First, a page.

Well, here we are at A, and if you are blogging about EMS what should A stand for? Ambulance? Nah…to predictable. How about…Adrenalin? Already covered it. I know…A is for Acting! It makes no sense, but believe it or not, I came to this career through acting. Before I became an EMS maven, I was a professional actress. I studied theatre in college (the first time around) and I spent eight years hitting auditions, doing commercials, traveling the country in search of work (living out of my car) and I was totally, 100%...miserable.
Oh I loved acting in plays. In college, I was able to portray some of the finest heroines to grace the stage; Portia in “The Merchant of Venice”, Maggie in “Cat on a Hot Tin Roof”, and Blanche in “A Streetcar Named Desire” to name a few. But, acting in college plays and making a living as a professional actress is not the same animal. There isn’t a lot of artfulness in hawking laundry detergent, and doing silly farces night after night in dinner theaters while people pick roast beef out of their teeth doesn’t get the old creative juices flowing. Something was missing from my life, but I couldn’t for the life of me figure out what it was.
One thing I did figure out early in my show business career was that I would have made a terrible famous person. I like my anonymity and if I want to go out looking like a reject from the trailer park, I’m going, and if you don’t like the fact that my bra strap is held together with a safety pin and falling off my shoulder, then don’t look at me! No, if someone jumped in front of me with a camera they might be pooping lenses and f-stops for a week. I would have made Sean Penn look like Pat Boone.
Trouble was I had no idea what I wanted to do with my life. I had no skills other than the requisite table waiting and bar tending kind that are a must when you are a “professional” actress, and I had no burning desire to acquire any. I couldn’t type, and would have self-combusted in an office environment anyway, so I didn’t see the need to learn. I was drifting in a sea of perpetual dieting and meaningless auditions that might net me a cereal spot or a voice over and then it was back to the grind of just trying to find some work. My life lacked meaning and that’s when I met…the Captain.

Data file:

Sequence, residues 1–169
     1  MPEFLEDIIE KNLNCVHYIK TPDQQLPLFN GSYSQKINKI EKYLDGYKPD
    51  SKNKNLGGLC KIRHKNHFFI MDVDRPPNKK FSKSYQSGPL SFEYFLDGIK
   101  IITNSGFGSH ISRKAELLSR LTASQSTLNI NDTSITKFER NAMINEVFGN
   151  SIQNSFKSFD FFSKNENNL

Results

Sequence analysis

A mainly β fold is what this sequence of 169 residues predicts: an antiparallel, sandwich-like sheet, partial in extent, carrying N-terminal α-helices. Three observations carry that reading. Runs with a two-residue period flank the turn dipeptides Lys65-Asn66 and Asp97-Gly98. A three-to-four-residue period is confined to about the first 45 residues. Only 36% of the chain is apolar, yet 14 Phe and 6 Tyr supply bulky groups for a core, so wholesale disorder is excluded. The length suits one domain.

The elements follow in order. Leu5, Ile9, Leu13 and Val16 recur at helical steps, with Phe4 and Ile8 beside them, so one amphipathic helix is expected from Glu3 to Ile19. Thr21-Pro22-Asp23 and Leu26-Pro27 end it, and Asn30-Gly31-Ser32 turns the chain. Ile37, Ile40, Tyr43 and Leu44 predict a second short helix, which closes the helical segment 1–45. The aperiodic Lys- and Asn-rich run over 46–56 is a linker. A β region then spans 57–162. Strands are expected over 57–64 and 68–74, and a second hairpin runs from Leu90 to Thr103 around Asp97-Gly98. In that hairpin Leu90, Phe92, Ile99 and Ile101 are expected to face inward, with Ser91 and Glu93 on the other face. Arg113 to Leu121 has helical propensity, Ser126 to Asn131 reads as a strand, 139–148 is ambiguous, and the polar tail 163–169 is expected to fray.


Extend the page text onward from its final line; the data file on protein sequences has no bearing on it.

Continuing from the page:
He was a part time actor and we had the same agent. I had done a couple of shoots with him and we were on “friendly acquaintance” terms. We got stuck together on a really long auto dealership shoot that went over time and budget and lasted several days. We had a lot of down time and that’s when I learned that he was a fire Captain when he wasn’t selling cars on TV. Cool…I’d never met a fireman before. I bent his ear for two days and by the time the shoot was over I had procured a coveted “ride along”.
I showed up at his fire station breathless with excitement. You might have thought it was at the prospect of seeing hot sweaty firemen, but I had a wrinkle in my brain that I couldn’t quite smooth out and it had something to do with the chat I’d had with him about his life’s work. I began to put a name to what seemed to be missing in my life. It was…a sense of purpose. I had never been able to find it in my show business pursuits and I was starting to think that I had missed my calling.
Don’t misunderstand me. There is a higher purpose in the arts. I am still an avid lover of all things cultural, but as an observer. I personally did not find happiness and contentment in my attempts at creating; I am at home being the one who the culture is created for, and by the time I left the fire station at the end of that shift, I knew I had found my calling.
The journey itself is too involved to completely cover here, but I returned to college, received a degree in Emergency Medical Science and have blissfully been plying my trade for the last 25 years. The odd thing that I quickly discovered about my new profession was I had more acting challenges in EMS than I ever had in the theater. Such as, acting like I wasn’t scared out of my gourd or acting like I knew what I was doing. And these acting gigs are all improv…the calls aren’t scripted, the bad guys don’t throw stage punches, and I love every minute of it. People often ask me if I regret not pursuing my acting career any further than I did. My reply is, “Why would I want pretend drama when I can have the real thing!”